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Soaring oil prices lift Tullow Oil shares ahead of full-year results

Tullow Oil share price: Tullow Oil logo

The Tullow Oil [TLW.L] share price has trended upwards ahead of its full-year 2021 results announcement, amid soaring oil prices triggered by the ongoing Russia-Ukraine conflict. 

Shares in the multinational oil and gas explorer and producer have risen approximately 19% year-to-date to 56.80p at the close on 7 March, and could see further upside when the company announces its full-year results on 9 March. 

In a January trading statement, the Africa-focused oil explorer said it expects revenue for 2021 to come in around $1.3bn, with a realised crude oil price of $63 per barrel. The revenue outlook marks a continued annual decline from last year’s $1.4bn, after revenue of $1.7bn in 2019. This is partly due to hedge costs of around $150m following its acquisition of a larger stake in oil fields in Ghana. 

Underlying operating cash flow is expected to be $700m, while free cash flow is estimated to come in at $250m. In the statement, Rahul Dhir, CEO at Tullow Oil, said that this was “driven by continued focus on costs, supportive oil prices in the latter parts of 2021 and favourable working capital movements”. 

Tullow Oil increases stake in oil fields in Ghana 

When Tullow Oil updates the market on 9 March, analysts will be looking out for any insight on where it expects oil markets to go. It has been a turbulent year for the industry so far, with conflict in Ukraine driving oil prices even higher. Looking to 2022, the company had already guided a realised oil price of $75 a barrel, with underlying operating cash flow coming in at $750m and with free cash flow of $100m. 

Operations in Ghana will be another area to watch. The company said it would be increasing year-on-year spending in the country due to investment in infrastructure for the Jubilee North East and South East areas. This, Tullow said, would lead to meaningful growth in production as these undeveloped parts of Jubilee are brought on-stream from 2023 onwards. Analysts at Hargreaves Lansdown expect average production to pick up by 10% after the acquisition of the larger stake in Ghana closes at the end of 2022.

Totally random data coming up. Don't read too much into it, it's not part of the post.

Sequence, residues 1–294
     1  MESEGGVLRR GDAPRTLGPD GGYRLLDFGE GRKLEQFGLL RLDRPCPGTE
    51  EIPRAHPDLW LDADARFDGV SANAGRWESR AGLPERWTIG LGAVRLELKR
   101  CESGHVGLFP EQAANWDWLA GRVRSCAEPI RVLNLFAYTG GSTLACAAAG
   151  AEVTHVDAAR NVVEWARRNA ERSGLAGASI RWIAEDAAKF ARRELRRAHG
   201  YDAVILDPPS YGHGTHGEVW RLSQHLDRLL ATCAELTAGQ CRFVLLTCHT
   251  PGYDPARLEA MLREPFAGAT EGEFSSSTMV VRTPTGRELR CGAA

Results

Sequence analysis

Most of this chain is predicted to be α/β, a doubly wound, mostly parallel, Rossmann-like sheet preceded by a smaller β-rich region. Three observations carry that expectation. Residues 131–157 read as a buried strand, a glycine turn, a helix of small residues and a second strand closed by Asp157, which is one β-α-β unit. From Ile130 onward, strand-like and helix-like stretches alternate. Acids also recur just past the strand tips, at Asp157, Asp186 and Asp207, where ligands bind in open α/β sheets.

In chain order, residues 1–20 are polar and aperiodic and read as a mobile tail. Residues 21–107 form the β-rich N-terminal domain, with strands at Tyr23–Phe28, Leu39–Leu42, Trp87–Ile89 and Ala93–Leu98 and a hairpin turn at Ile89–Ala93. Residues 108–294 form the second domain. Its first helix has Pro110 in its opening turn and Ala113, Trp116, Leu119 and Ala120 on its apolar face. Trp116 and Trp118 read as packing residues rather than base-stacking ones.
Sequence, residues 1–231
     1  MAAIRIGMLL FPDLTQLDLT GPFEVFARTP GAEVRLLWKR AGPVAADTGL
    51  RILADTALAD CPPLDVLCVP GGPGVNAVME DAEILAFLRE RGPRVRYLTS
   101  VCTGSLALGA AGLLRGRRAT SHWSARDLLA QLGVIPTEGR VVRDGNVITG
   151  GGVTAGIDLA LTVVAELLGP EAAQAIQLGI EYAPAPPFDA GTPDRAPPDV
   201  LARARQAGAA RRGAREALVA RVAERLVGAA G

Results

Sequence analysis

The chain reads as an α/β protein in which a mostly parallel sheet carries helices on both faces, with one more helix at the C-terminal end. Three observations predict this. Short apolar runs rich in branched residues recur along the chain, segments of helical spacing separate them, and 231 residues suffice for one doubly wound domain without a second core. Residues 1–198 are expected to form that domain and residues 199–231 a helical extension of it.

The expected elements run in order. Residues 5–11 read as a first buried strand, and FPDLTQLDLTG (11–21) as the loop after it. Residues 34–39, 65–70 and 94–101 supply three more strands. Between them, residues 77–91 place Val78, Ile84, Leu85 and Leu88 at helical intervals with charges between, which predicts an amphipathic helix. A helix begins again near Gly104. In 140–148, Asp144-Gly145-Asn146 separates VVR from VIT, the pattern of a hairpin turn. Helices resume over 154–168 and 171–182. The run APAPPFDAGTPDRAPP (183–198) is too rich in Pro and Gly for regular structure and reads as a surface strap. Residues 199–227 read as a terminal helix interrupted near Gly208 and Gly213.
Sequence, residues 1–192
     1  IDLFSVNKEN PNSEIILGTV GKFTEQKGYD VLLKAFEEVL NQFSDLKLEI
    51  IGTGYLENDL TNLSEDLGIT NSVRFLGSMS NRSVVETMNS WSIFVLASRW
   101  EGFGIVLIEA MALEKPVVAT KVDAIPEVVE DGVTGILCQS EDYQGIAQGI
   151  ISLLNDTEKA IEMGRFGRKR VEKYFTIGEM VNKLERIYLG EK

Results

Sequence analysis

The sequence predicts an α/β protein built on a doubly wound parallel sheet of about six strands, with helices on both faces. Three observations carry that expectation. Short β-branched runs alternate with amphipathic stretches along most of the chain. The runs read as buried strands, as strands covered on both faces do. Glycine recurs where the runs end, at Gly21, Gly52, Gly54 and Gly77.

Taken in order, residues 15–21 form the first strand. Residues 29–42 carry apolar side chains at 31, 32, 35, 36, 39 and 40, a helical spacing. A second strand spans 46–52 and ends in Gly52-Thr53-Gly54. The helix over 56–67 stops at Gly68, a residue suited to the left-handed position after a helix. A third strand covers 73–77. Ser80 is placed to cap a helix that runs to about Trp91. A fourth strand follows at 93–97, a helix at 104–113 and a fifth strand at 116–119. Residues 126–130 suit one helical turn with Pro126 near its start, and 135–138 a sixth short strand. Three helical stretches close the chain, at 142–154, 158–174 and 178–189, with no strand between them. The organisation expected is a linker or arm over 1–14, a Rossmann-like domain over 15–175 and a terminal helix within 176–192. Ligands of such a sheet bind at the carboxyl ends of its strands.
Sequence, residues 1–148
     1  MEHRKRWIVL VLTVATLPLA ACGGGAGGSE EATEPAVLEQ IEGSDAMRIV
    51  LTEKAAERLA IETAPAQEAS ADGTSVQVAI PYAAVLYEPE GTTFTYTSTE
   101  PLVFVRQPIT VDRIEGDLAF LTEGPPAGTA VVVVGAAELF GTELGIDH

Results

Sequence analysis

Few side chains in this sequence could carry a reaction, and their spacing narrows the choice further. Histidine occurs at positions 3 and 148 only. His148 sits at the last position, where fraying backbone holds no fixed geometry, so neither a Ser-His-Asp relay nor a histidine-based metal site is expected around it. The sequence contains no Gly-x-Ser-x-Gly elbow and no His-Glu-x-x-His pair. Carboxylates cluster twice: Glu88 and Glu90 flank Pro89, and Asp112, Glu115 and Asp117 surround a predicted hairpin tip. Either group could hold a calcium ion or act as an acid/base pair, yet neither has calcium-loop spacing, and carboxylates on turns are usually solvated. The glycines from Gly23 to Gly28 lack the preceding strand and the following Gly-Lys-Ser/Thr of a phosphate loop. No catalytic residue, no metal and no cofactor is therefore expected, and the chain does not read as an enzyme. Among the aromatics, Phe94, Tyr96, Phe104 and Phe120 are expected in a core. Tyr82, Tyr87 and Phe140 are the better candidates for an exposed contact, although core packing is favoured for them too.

The company is also likely to be issuing an update on operations in near-field non-operated exploration opportunities in Gabon, a revised Kenya development project, and the Beebei-Potaro commitment well in Guyana, which Tullow has said could have the potential “to be significant value drivers”.

Debt reduction remains a priority 

In the longer term, debt reduction remains a key priority for Tullow. The company secured $1.8bn in refinancing in May 2021, having warned that it faced a “significant risk” of insolvency proceedings. That placed the company on a more even keel, and it swung back into profit last year. 

According to the January trading statement, year-end net debt reduced to around $2.1bn, down from $2.4bn in 2020, with liquidity headroom of $900m at the start of 2022 Tullow said it remained on track to “materially reduce net debt and achieve gearing of less than 1.5x net debt to EBITDAX by 2025”.

Analysts at Hargreaves Lansdown believe the recovery in oil prices has been key to supporting the company’s multiple asset sales. It has also provided a much-needed boost to cashflows, “and together with cost-cutting means the balance sheet is in a much better condition”.

Tullow Oil set to join the FTSE 250

The impact of the Russia-Ukraine conflict is being felt across global markets, with the FTSE 100 falling 6.7% during the first week of trading in March. However, sanctions imposed on Russian companies are also having an impact on the composition of other FTSE indices.

FTSE 250 gold miner Petropavlovsk [POG.L] is leaving the index after its share price dropped 90.2% since the start of the year, joining Capita [CPI], Cineworld [CINE] and Reach [RCH] in the exodus from the index. Tullow Oil is expected to replace the stock in the FTSE 250, sending its share price up more than 10% by midday on 7 March. 

With the price of Brent crude hitting $139 a barrel during early trading on 6 March – its highest price since July 2008 – amid concerns that western countries will restrict Russian oil imports, shares in Tullow Oil could continue to rise.

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